Indeed, Romans used urine to do laundry…and worse things…

WARNING: Do NOT try this at home! The author is not liable for any damages caused by the wrongful use of the methods or ingredients mentioned in this article. But that’s all right, of anybody tries it, let me know, we can laugh together. (By the way, I wrote this post in response to requests by several readers made after the publication of “How Romans wiped their butts…”)

roman-legionnaire

The first lights of dawn peek between the reddish roofs of the insulae and the marble columns of the temples. Fog is starting to break off from the ground, silently, ignoring the song of the first roosters, who do not care much for humans’ circadian rhythm and even less when celebrations are taking place in the Coliseum. We stand on the Vicus Patricius, one of Imperial Rome’s main arteries, which leads the way from the Forum towards the Pretorian Gate in the East. Just over the basaltic pavement, just when the cloud begins to take off, we see a pair of leather sandals erratically wandering under the feet of what it seems to be a man. It is a man, a soldier to be precise, judging by the numerous scars earned on the battlefield, cuts at an angle as long as a finger that time has turned into waxy memories on the skin.

Not without struggling, the legionnaire approaches a wall behind a metallic urn, some type of container or pot with scarce ornament, other than holders that simulate charging seahorses.  We then hear a short splash, like the ones produced by flat stones thrown by children to the surface of a placid lake; then another, and another, until de cadence becomes a flow. The drunken soldier is relieving himself in a vessel next door to a fullonica, a laundry, where urine was used as detergent. Just like that.

Urinal in the fullonica of Veranius Hypsaeus in Pompey.

Urinal in the fullonica of Veranius Hypsaeus in Pompey.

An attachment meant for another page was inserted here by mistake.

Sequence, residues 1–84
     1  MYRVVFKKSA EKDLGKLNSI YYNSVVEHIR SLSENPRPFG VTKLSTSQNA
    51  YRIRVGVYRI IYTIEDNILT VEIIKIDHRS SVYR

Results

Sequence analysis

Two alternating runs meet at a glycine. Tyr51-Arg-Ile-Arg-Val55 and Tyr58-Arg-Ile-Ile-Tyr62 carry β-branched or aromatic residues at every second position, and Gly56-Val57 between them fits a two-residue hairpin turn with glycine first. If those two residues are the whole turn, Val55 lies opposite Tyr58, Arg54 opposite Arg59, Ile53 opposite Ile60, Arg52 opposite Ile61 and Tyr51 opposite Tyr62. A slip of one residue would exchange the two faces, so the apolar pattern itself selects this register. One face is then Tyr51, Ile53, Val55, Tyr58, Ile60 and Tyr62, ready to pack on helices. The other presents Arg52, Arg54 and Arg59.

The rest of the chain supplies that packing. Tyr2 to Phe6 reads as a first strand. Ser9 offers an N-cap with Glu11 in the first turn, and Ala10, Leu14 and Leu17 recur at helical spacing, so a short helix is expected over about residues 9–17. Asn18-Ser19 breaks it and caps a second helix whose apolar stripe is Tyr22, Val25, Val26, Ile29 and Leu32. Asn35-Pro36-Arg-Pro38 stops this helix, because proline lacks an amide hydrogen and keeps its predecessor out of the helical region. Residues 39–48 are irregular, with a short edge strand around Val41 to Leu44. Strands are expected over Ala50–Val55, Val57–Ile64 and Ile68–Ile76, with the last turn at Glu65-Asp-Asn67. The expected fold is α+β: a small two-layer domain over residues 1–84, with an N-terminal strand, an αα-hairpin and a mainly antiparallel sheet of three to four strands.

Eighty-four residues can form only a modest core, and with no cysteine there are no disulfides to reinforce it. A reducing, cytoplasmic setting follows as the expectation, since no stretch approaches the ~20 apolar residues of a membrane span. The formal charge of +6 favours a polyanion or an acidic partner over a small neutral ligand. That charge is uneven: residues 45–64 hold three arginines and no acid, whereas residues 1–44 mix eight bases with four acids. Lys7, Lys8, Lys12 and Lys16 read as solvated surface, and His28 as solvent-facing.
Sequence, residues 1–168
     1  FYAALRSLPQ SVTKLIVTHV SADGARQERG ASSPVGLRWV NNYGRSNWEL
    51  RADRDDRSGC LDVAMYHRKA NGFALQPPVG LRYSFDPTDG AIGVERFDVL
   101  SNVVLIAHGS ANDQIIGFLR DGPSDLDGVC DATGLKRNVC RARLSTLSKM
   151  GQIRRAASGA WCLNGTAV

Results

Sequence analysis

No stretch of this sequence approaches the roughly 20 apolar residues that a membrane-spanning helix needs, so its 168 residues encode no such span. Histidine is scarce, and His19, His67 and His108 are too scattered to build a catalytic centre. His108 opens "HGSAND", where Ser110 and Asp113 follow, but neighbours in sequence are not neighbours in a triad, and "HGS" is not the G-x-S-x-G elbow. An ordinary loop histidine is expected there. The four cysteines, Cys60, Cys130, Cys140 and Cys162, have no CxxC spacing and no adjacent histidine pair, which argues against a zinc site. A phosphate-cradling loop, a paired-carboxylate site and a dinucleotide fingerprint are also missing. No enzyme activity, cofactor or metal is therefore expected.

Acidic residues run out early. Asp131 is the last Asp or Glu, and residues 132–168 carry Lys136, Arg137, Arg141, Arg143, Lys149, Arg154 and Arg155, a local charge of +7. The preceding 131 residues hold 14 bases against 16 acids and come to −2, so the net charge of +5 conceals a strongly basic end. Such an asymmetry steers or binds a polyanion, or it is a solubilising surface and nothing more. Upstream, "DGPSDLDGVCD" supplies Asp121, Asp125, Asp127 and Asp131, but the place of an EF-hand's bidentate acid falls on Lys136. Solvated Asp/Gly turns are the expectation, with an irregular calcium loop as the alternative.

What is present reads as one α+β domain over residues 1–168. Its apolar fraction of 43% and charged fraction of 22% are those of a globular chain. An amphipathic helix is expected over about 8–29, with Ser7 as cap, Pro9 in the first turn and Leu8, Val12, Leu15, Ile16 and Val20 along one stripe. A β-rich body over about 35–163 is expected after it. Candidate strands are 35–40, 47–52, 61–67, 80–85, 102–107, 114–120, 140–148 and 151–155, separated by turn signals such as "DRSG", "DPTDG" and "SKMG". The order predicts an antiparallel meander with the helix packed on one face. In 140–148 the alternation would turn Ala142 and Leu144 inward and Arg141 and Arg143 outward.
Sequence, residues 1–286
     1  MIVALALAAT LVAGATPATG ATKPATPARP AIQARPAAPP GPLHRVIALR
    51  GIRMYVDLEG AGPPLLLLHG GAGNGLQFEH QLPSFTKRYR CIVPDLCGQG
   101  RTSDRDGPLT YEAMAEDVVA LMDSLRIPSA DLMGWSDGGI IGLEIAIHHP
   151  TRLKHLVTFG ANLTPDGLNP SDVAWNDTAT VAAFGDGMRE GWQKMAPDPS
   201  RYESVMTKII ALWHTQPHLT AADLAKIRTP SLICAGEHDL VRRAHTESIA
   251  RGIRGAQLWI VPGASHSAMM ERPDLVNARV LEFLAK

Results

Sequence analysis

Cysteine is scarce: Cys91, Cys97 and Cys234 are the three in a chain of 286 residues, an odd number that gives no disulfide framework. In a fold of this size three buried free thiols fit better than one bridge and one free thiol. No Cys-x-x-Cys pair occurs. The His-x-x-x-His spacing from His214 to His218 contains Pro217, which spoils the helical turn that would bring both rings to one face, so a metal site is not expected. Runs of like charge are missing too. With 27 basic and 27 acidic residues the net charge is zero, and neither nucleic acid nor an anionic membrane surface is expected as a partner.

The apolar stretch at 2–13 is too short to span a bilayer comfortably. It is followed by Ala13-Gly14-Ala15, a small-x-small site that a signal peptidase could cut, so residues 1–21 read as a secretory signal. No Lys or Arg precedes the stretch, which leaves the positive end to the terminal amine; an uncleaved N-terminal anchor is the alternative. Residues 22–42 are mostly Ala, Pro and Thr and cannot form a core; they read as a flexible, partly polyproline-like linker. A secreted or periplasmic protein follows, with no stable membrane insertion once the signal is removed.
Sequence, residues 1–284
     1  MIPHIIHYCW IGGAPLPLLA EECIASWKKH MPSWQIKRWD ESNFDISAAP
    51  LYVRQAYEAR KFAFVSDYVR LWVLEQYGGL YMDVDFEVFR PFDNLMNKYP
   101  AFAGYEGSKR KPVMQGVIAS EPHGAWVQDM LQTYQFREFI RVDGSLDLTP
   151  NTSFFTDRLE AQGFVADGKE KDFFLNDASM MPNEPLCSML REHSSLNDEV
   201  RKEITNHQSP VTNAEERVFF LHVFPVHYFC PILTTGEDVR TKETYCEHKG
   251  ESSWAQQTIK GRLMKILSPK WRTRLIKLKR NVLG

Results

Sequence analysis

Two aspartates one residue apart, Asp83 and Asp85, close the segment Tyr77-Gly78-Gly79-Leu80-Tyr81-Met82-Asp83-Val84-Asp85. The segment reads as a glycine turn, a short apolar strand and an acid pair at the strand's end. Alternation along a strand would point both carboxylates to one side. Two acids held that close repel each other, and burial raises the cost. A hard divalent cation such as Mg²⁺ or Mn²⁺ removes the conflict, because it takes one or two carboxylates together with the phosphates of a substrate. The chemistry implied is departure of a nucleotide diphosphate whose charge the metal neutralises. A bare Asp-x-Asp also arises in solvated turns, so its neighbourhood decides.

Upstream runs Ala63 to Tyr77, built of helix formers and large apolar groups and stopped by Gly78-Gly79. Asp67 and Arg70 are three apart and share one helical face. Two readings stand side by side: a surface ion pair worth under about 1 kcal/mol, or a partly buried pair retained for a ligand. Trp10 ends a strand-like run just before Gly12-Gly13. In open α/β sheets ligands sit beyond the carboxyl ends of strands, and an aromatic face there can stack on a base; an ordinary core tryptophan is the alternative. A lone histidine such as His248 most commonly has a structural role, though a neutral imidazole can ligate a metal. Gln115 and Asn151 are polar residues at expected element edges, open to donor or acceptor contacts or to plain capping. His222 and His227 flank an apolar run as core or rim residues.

Romans were very fond of cleanliness and we have already spoken about it in previous articles, the thing is that the concept of hygiene did not have the exact same meaning for them as it has fullonica1for us and we cannot criticize them for their habits because, as I always say, each civilization does what it can with what it`s at hand. And it was precisely the hand what our friend used to shake the last and precious drops from the urethra before marching stumbling back to the fort. A bit later, two workers of the fullonica, the fullones, brought the loaded vessel into a back yard, where there were half a dozen similar recipients. They had to let urine “rest” until it broke down into ammonia (NH3), a substance known for its pungent smell and that is still used in a large number of pharmaceutical and cleaning products. After a few days, the resulting liquid was mixed with fullonica3water to wash the noble’s clothing as well as garments recently out of the factory, since newly manufactured wool requires a washing process to eliminate some impurities and to make it softer. The job was done by hand, or better said, by foot, because the fullones used their lower extremities to stir and shake the clothes inside a container, something that the Spanish philosopher Seneca described as the saltus fullonicus and which reminds me the ritual of crushing grapes to make wine. Thereafter, the garments were rinsed to eliminate any foul smells and hung in an open space to let them breathe and dry. Sometimes a basket full of sulphide was placed underneath so that the gases aided in whitening the clothes.

As it happens now, the fullonicas were liable for the proper care of the togas and, if any were damaged during the washing process, the owner had to pay a compensation. Still, the fullonicas were a good business, so much that, when emperor Vespasian reach power, he invented a tax to levy the urine of public baths, the Vespasiano y Titourinae vectigal, a fee for which his own son Titus complained because its “disgusting” nature. The historian Suetonius tells us that Vespasian put a coin right under Titus’ nose and asked him if it smell of something, his son said no. Vespasian then said – Atqui ex lotio est (and it comes from urine) – leaving for the future the so-called Vespasian axiom, Pecunia non olet (Money does not stink), meaning that money is valid no matter where it came from. Vespasian’s name is still associated with public baths in some European countries: vespasiani in Italy, vespasiennes in France and vespasiene in Romania. By the way, author William Dietrich tells us in his novel “The Barbed Crown”, that Napoleon’s troops also collected urine to wash the soldier’s uniforms since, apparently, it is very good at eliminating blood stains. I am also sure that, somewhere in the world, the methods and ingredients of the fullones are still applied.

La cura urinal

Well, I hope we have learned something new today, at least that is my intention and I hope to come back son with another anecdote on the ancient world’s daily life. But, wait! Didn’t I say that urine was used for worse things? – Indeed, our Roman ancestors also used urine as mouthwash, to whiten their teeth. I leave it at that and remember the warning at the beginning, don’t try this at home, I am not responsible.

 

 

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